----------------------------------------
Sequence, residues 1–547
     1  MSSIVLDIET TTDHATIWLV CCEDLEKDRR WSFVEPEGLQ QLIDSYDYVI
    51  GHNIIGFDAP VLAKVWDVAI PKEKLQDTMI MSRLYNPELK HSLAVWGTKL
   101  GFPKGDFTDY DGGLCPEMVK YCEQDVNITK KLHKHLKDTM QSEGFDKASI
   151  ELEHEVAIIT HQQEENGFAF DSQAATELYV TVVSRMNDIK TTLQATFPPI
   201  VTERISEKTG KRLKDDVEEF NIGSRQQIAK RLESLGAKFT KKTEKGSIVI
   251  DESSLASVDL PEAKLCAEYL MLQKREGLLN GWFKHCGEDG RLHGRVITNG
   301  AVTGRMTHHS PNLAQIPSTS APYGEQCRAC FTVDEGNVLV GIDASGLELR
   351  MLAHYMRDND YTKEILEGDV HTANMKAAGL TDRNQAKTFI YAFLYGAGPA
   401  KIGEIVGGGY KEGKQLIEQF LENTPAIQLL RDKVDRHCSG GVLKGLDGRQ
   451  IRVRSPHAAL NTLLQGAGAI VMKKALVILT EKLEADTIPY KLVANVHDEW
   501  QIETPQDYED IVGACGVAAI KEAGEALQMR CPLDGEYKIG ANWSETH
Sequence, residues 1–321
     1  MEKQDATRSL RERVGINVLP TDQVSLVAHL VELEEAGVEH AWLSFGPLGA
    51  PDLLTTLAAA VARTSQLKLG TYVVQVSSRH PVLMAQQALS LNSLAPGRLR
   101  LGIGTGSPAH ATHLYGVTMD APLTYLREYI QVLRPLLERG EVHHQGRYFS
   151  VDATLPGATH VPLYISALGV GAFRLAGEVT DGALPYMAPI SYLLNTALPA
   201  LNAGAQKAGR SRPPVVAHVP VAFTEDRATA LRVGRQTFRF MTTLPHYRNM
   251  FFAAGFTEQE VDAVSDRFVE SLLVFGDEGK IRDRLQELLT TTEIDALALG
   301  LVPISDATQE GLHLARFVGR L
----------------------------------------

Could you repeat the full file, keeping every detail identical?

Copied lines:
Sequence, residues 1–547
     1  MSSIVLDIET TTDHATIWLV CCEDLEKDRR WSFVEPEGLQ QLIDSYDYVI
    51  GHNIIGFDAP VLAKVWDVAI PKEKLQDTMI MSRLYNPELK HSLAVWGTKL
   101  GFPKGDFTDY DGGLCPEMVK YCEQDVNITK KLHKHLKDTM QSEGFDKASI
   151  ELEHEVAIIT HQQEENGFAF DSQAATELYV TVVSRMNDIK TTLQATFPPI
   201  VTERISEKTG KRLKDDVEEF NIGSRQQIAK RLESLGAKFT KKTEKGSIVI
   251  DESSLASVDL PEAKLCAEYL MLQKREGLLN GWFKHCGEDG RLHGRVITNG
   301  AVTGRMTHHS PNLAQIPSTS APYGEQCRAC FTVDEGNVLV GIDASGLELR
   351  MLAHYMRDND YTKEILEGDV HTANMKAAGL TDRNQAKTFI YAFLYGAGPA
   401  KIGEIVGGGY KEGKQLIEQF LENTPAIQLL RDKVDRHCSG GVLKGLDGRQ
   451  IRVRSPHAAL NTLLQGAGAI VMKKALVILT EKLEADTIPY KLVANVHDEW
   501  QIETPQDYED IVGACGVAAI KEAGEALQMR CPLDGEYKIG ANWSETH
Sequence, residues 1–321
     1  MEKQDATRSL RERVGINVLP TDQVSLVAHL VELEEAGVEH AWLSFGPLGA
    51  PDLLTTLAAA VARTSQLKLG TYVVQVSSRH PVLMAQQALS LNSLAPGRLR
   101  LGIGTGSPAH ATHLYGVTMD APLTYLREYI QVLRPLLERG EVHHQGRYFS
   151  VDATLPGATH VPLYISALGV GAFRLAGEVT DGALPYMAPI SYLLNTALPA
   201  LNAGAQKAGR SRPPVVAHVP VAFTEDRATA LRVGRQTFRF MTTLPHYRNM
   251  FFAAGFTEQE VDAVSDRFVE SLLVFGDEGK IRDRLQELLT TTEIDALALG
   301  LVPISDATQE GLHLARFVGR L